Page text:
Belgian authorities arrested two residents of Molenbeek who were involved in a series of terrorist attacks in Paris.
"With 500 — 1,000 euros you can get a military weapon in half an hour," said Bilal Benyaich, senior fellow at Brussels think-tank the Itinera Institute, who has studied the spread of radical Islam in Belgium, according to Reuters.
"It's like an airbase for jihadists," Benyaich said, adding that the heavily-immigrant populated district of Brussels serves as a safe haven for terrorists.
Molenbeek has had a number of connections to Islamist attacks in Europe. During the 2004 train bombings in Madrid one of the attackers was a Molenbeek resident of a Moroccan ancestry. A shooter at the Brussels' Jewish Museum in August 2014 was also living in the notorious Brussels district.
- Security forces personnel walk past during ongoing operations in the Molenbeek district of Brussels on November 16, 2015© AFP 2021 / BELGA PHOTO / BENOIT DOPPAGNE
- A placard reading Molenbeek with a "peace and love sign" is seen in a shopping street in the suburb of Molenbeek, after security was tightened in Belgium following the fatal attacks in Paris on Friday, in Brussels, Belgium, November 17, 2015© REUTERS / Yves Herman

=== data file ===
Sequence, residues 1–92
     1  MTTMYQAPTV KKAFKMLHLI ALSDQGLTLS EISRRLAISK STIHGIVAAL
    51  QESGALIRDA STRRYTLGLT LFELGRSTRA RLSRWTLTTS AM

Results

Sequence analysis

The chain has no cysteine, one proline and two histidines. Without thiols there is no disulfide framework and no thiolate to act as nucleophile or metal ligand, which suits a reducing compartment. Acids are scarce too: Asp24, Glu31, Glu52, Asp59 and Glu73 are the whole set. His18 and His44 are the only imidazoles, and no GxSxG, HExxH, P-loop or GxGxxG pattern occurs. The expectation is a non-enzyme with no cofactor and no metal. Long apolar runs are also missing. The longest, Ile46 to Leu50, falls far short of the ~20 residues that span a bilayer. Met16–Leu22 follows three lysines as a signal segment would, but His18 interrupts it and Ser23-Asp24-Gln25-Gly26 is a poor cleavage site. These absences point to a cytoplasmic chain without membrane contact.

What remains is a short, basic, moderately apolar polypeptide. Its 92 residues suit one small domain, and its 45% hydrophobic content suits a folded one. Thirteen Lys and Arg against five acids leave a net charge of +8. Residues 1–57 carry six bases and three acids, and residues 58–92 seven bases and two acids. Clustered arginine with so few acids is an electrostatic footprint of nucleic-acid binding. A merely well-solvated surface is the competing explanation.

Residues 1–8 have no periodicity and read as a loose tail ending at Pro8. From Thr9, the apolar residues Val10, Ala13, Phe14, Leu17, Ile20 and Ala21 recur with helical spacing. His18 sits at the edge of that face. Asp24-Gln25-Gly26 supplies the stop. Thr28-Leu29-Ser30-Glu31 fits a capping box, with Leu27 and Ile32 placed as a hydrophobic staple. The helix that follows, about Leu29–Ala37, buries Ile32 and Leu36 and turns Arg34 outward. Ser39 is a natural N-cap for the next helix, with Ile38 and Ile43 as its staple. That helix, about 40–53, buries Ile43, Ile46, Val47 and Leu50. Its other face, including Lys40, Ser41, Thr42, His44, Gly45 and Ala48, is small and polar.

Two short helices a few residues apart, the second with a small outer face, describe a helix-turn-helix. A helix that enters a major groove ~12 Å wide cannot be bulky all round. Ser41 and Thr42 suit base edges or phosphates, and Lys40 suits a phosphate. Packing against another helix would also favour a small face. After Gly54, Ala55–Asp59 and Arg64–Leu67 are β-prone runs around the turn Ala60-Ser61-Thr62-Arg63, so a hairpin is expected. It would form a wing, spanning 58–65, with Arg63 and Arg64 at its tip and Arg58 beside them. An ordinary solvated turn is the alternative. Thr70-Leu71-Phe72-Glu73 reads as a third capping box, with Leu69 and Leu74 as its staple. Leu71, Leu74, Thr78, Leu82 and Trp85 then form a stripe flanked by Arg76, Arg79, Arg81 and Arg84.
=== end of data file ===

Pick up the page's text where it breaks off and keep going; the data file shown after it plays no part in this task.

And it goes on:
Furthermore, the perpetrators of the Charlie Hedbo attacks and the Moroccan shooter, who bought an AK-47 and close to 300 bullets, on a Brussels to Paris train in August also bought their weapons there.
And finally, two Belgian citizens, later identified as Hamza Attou and Mohamed Amri, were detained in Molenbeek in connection with the Paris attacks. When the men were arrested, their belongings tested positive for ammonium nitrate, which is used to manufacture explosives. Weapon munitions, in the form of 5.56- and 7.62-mm cartridges, were found in the apartment.